Back To The Future: what's next for fitness?

The anniversary of Michael J Fox's Back to the Future got me thinking - where will the fitness and health industry be in 10, 20, or 30 years?

I wonder if these predictions will come true.

Virtual exercise

Cycle studios already visually transport you to various streets around the globe. Things could become even more tangible if you're wearing reality glasses while being hit by noise and mist machines.

You'll virtually ride through charming Tour de France villages, hearing "Allez, Allez!!!" as you sprint into the lead. Or you could be rowing away from hungry crocs, running to escape Hollywood's next villain, or dancing Zumba with Enrique Iglesias.

In VR boxing sessions you might spar with Mike Tyson, hearing the MGM crowd cheering as each punch connects.

Pharmageddon upon us

A drug manufacturer will eventually invent a fat loss pill as effective as Viagra. The result? We'll worry more about outward appearance than inner health, so slender bodies will pack out fast food joints and overall health will take a downturn.

Drug companies will be able to double dip, as people pre-dine with a fat loss pill, then take heart/diabetes medication for dessert. Pharmageddon will be upon us.

Food transparency

Paleo will change, then vanish, and waves of celebrity-inspired dieting will come and go every two years because best-sellers bring big business.

People will demand 'food transparency' and want to know exactly what's in their processed food, where it was produced, and the process of farm-to-shelf.

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Responsible eating is already hitting multinationals as companies like Monsanto are being banned from producing genetically modified crops by countries including Greece, Latvia, Germany and Scotland. 

Human growth hormones

After Sylvester Stallone was busted bringing almost 50 vials of human growth hormone into Australia in 2007, he said:

"Anyone who calls it [testosterone] a steroid is grossly misinformed. Testosterone to me is important for a sense of well-being when you get older. Everyone over 40 years old would be wise to investigate it, because it increases your quality of life. Mark my words, in 10 years it will be available over the counter."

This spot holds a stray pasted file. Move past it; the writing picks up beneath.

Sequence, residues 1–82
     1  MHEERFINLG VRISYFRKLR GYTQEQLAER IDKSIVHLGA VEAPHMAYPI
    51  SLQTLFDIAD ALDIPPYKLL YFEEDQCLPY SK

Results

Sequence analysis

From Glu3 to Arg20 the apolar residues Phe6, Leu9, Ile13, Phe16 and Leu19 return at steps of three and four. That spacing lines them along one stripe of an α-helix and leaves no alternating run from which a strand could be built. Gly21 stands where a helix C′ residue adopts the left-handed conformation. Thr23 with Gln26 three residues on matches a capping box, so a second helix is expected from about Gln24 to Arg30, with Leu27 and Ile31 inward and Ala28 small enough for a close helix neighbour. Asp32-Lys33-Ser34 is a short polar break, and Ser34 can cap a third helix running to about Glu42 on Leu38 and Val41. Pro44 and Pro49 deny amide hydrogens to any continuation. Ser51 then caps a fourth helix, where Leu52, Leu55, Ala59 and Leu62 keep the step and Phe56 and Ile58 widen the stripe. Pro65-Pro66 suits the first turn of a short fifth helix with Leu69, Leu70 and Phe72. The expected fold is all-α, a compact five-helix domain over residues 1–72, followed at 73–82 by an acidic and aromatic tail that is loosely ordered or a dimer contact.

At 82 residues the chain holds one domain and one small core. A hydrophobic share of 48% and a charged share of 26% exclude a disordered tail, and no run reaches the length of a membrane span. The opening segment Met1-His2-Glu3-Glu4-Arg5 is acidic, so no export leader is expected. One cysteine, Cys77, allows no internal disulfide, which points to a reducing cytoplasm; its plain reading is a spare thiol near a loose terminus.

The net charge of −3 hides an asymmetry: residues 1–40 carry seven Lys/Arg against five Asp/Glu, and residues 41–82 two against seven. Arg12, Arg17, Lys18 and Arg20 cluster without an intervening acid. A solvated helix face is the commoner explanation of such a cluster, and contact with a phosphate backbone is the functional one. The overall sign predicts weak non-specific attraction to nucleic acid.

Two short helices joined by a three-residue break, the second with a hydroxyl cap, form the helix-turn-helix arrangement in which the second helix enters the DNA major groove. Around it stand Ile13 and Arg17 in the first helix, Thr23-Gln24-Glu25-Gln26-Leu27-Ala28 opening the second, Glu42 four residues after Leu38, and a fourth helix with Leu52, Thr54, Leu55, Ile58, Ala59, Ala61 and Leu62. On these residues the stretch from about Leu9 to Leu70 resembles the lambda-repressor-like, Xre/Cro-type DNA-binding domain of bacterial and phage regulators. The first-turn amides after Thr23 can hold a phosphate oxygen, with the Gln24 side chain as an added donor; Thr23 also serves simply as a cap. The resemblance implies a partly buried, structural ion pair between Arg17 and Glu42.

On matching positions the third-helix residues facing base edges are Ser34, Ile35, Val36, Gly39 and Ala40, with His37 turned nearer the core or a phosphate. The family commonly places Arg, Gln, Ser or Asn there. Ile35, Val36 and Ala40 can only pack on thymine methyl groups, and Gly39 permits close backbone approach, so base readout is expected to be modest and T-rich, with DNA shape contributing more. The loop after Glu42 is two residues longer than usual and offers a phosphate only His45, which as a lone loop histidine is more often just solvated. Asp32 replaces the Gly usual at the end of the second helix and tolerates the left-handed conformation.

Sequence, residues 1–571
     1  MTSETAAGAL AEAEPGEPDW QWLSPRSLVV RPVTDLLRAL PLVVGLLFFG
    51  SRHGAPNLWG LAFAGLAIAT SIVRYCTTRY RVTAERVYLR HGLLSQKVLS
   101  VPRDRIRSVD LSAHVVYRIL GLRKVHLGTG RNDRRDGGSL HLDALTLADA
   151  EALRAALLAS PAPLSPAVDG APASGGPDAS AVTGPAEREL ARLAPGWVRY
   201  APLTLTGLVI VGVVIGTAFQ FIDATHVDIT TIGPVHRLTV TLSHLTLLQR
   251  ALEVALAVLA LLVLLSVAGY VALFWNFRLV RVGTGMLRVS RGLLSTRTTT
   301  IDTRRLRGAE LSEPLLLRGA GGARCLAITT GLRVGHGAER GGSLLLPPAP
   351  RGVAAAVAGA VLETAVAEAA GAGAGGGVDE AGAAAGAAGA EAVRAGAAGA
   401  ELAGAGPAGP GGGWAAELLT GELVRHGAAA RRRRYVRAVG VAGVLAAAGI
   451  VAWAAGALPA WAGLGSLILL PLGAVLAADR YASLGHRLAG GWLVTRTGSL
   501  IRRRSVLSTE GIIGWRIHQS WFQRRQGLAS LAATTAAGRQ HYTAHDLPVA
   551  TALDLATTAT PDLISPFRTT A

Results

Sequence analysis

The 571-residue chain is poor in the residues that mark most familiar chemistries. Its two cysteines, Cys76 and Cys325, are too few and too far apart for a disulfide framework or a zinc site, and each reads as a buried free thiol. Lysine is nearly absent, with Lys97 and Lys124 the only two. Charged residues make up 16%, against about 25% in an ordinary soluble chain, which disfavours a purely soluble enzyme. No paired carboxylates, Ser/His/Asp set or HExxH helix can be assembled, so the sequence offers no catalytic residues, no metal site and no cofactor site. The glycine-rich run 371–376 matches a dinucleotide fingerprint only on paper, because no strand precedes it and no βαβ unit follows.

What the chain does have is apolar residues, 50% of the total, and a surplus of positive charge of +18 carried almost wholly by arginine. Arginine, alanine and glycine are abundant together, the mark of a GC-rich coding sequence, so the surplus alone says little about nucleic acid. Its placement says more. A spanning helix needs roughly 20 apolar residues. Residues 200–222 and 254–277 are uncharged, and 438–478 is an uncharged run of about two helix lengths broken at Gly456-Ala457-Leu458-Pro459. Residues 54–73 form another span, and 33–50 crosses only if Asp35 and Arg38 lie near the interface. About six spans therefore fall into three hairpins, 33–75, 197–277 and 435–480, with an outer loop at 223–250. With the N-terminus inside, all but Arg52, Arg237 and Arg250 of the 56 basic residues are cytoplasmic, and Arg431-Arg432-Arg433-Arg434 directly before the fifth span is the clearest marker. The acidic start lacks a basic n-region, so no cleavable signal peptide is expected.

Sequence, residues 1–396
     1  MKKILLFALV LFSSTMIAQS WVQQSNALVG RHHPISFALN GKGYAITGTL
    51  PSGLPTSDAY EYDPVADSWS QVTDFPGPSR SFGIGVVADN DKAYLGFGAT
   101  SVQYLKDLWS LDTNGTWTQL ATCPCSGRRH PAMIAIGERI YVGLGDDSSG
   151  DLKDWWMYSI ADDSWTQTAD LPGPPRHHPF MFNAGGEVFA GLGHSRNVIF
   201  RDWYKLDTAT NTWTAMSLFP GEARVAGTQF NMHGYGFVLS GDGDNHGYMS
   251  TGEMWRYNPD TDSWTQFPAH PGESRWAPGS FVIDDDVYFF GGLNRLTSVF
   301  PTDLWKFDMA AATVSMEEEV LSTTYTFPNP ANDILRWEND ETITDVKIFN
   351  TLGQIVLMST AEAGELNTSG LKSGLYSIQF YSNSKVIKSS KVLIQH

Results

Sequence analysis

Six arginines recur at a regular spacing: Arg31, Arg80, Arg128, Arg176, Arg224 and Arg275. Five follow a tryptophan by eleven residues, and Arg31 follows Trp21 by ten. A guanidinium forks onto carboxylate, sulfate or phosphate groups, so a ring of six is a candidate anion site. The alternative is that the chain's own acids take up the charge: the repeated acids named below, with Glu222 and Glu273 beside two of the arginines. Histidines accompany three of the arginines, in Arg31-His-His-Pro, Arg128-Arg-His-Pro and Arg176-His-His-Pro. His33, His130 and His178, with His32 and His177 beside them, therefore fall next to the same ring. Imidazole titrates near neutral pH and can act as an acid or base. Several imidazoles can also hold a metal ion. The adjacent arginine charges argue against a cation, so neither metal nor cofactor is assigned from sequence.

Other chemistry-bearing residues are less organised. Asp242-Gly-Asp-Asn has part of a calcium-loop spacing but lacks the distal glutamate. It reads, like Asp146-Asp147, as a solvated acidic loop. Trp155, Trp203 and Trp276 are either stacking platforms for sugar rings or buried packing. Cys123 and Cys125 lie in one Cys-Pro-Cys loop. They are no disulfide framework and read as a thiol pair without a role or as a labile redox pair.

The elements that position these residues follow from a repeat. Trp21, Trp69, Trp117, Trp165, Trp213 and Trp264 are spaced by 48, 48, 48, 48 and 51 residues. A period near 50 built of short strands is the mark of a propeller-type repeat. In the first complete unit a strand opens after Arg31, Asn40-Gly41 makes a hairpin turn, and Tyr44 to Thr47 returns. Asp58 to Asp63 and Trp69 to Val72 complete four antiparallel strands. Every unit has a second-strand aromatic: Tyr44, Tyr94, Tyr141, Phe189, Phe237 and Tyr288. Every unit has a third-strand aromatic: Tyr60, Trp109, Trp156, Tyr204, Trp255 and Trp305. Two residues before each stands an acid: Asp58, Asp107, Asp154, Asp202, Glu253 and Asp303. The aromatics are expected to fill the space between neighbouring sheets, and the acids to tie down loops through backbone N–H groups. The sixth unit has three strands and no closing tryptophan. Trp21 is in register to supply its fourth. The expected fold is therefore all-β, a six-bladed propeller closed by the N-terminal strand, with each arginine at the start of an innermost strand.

Looks like he was wrong on the timing, but he might be proven right in another decade. With a rapidly ageing population, it's possible the elderly might gain improved quality of life by using steroids or human growth hormones. Is today's cookies 'n cream protein powder tomorrow's gateway drug?

Smart clothing

There are endless possibilities for linking your body with your smartphone, and smart clothing such as Lumo Body Tech shorts will provide even better links.

From cardio sessions to hypertrophy training, smart clothes will connect your body with statistics, providing a real-time, robotic coach. Even business shirts will have sensors reminding you to stand, stretch, breathe, take a stress break, or adjust poor posture while sitting at your desk.

Demise of the personal trainer

By 2016, global IP traffic will reach 110.3 exabytes per month – that's 110 billion gigabytes. Some years later this figure will be exponentially larger with more food, fitness, and dieting information than we'll know what to do with.

The consumer will be able to access so much health-related information, there will be less need for paid experts.

Supermarkets, smartphone apps, and smart fridges will steer healthy diets as corporations finally smarten up and realise healthy employees are more productive, and more profitable. Companies will institute health initiatives and demand results – be fit, or be fired.

Junk and laziness persist

We will be smarter than ever, yet obesity stats will continue to rise. Some will still choose the couch and Kardashians (they'll still be around – sorry) over a run in the sun. Fast food and fizzy drink companies will adapt their pitches and thrive.

Protein. Dreams of perfection. Get-fit-quick schemes. Sometimes you can't see the forest through the trees in 2015's fitness and health industry, but if you peel back the muscles, there's a heart that begs for a healthier you. It's up to you to find it.

Maybe we don't need future gadgets. Maybe we just need fewer fizzy drinks and more water fountains … fewer hoverboards and more fresh pairs of runners.

Can we just get Back to the Basics? In fitness and health, simple still works.

What are your predictions for the future of fitness? Let us know in the comment section. 

Passion for lifestyle change is the cornerstone for everything Michael Jarosky does. A Sydney-based personal trainer, he cajoled thousands of Executive Style readers to undertake his 'Cut The BS' diet, and champions a charity weight-loss event, Droptober.

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